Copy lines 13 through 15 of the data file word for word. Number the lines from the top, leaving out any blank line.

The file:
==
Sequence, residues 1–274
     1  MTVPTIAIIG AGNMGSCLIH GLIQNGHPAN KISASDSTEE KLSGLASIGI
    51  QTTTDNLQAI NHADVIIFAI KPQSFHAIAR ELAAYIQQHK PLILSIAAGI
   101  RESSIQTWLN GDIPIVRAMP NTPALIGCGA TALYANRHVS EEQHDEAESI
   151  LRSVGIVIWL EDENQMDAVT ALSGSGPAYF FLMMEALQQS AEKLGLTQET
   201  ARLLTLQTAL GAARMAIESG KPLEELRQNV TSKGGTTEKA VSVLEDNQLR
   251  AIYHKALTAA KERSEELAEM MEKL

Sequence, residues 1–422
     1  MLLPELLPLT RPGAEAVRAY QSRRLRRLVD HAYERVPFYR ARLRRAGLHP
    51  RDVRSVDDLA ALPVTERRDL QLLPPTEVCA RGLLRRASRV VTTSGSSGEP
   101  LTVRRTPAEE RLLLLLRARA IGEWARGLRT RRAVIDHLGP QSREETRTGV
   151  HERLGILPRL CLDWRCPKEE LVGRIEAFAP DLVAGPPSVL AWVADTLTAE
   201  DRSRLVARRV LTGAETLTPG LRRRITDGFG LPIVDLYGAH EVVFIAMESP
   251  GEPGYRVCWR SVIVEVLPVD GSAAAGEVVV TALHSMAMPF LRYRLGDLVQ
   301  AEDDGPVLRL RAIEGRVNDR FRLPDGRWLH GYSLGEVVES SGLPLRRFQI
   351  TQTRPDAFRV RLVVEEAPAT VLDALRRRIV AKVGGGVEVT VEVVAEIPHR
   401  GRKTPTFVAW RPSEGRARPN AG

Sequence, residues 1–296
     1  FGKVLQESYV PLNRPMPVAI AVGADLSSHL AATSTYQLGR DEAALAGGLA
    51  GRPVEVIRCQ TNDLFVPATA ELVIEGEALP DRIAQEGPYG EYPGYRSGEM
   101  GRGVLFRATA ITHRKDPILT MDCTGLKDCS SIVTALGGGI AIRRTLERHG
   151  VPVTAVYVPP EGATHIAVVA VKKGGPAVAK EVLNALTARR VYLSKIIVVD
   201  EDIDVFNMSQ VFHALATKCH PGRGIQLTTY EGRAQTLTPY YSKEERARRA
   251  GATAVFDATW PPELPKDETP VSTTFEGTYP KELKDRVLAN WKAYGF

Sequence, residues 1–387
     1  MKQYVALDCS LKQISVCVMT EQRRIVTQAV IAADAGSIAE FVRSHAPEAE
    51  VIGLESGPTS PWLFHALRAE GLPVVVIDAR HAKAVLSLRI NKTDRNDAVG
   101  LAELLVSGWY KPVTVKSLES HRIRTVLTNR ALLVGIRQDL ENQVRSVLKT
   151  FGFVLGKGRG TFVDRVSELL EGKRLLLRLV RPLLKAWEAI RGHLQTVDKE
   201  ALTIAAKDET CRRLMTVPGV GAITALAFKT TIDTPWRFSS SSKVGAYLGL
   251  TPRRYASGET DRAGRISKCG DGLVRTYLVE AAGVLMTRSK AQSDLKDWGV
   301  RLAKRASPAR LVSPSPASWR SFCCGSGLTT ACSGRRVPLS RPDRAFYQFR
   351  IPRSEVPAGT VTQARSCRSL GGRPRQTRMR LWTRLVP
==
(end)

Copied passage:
   201  DRSRLVARRV LTGAETLTPG LRRRITDGFG LPIVDLYGAH EVVFIAMESP
   251  GEPGYRVCWR SVIVEVLPVD GSAAAGEVVV TALHSMAMPF LRYRLGDLVQ
   301  AEDDGPVLRL RAIEGRVNDR FRLPDGRWLH GYSLGEVVES SGLPLRRFQI